This past February 13, NASA confirmed a 'death' in their family. It was of a machine, actually—the rover named Opportunity, which 'lived' on Mars for nearly 15 years.
This might seem a bit sad. But Opportunity's accomplishments are worth remembering with a smile. And maybe a little bit of awe, too. This bot was an overachiever for the ages.
It kept going and going ...
Equipped with solar-powered batteries, Opportunity was designed to last 90 Martian sols, or days. This is about 92 Earth days. In total, it was expected to travel around one kilometre, far less than a mile. Instead, it was operable for 5,111 sols—that's over 56 times longer than expected. It traveled 45 kilometres (28 miles), as well.
Suddenly, what was expected to be a relatively brief mission turned into a marathon (which is 26.2 miles, a distance Opportunity literally traveled). Scientists were able to use Opportunity to greatly broaden our understanding of the Red Planet. The rover explored multiple craters and rocks, took over 200,000 images, and discovered important minerals, including 'blueberries' of hematite (a mineral that forms in water, helping to better understand how water once existed on the surface of Mars).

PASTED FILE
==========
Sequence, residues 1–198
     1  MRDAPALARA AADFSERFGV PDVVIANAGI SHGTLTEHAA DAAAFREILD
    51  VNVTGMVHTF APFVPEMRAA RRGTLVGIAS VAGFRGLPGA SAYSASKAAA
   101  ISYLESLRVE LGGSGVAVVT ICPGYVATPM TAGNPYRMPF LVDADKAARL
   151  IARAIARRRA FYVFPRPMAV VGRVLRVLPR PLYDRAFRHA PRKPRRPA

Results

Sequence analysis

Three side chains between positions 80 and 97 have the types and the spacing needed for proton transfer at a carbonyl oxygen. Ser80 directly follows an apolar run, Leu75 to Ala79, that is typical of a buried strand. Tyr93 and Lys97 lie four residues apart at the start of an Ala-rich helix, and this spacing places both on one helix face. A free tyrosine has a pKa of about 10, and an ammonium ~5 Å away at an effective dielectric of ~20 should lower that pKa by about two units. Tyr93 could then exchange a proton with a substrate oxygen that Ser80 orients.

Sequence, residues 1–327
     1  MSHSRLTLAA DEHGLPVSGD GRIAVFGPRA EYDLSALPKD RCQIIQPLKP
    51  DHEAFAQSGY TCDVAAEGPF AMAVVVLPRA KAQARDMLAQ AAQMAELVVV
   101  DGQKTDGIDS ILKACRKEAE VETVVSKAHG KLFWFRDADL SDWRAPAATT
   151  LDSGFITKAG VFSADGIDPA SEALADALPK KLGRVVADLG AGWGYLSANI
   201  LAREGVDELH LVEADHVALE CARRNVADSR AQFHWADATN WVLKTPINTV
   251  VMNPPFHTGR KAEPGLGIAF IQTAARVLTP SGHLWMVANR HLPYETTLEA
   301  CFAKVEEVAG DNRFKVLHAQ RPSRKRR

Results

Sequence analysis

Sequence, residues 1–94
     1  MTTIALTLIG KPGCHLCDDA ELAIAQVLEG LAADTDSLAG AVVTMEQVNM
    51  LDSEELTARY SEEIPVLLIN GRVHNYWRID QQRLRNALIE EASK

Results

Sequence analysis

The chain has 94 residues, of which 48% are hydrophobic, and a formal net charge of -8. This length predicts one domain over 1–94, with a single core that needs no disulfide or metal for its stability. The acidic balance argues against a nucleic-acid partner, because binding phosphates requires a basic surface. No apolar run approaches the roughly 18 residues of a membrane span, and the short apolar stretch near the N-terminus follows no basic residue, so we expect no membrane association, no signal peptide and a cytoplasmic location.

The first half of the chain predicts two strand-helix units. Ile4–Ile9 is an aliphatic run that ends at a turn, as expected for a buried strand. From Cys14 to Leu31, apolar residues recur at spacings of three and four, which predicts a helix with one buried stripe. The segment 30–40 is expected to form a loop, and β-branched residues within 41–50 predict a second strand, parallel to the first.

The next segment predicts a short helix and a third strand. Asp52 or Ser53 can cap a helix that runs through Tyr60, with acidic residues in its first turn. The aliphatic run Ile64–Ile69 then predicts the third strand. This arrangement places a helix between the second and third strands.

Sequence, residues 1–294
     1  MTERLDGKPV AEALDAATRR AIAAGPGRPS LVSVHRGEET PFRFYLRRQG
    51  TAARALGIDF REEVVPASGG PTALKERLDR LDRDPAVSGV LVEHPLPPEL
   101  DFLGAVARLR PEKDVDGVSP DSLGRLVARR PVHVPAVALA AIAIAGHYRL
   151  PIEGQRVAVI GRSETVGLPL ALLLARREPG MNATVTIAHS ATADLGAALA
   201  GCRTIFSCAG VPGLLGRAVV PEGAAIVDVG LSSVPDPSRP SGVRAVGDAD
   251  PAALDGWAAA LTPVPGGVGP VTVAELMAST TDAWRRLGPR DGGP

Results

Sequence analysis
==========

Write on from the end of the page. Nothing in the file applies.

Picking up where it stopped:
Even when its sister rover, Spirit, shut down in 2010, the Big O just kept on rocking. It started to feel like Opportunity's time on Mars would never end.
So what led to the shut down of this record-breaking machine? In June 2018, an enormous, planet-wide dust storm blanketed Mars. Daylight was cut down to .002% of normal levels. And that's a big problem when you're talking about a solar powered machine.
On June 10, 2018, Opportunity shut itself down to try and conserve power. Like a phone or computer going into low power mode. Or an animal hibernating. The hope was that it could wait out the storm. But when the storm finally ended in late 2018, Opportunity didn't wake up. February 13 was the day that NASA announced that they were no longer going to try and contact the rover.
Steve Squyres–the principal investigator of the rovers' science payload at Cornell University—said in NASA's statement, "From the get-go, Opportunity delivered on our search for evidence regarding water. And when you combine the discoveries of Opportunity and Spirit, they showed us that ancient Mars was a very different place from Mars today."
Which is true! And with the rover Curiosity and the lander InSight working on Mars right now—and more missions coming in 2020—man and machine are far from being finished learning about our solar neighbour.
Watch some memories of Opportunity's exceptional life below!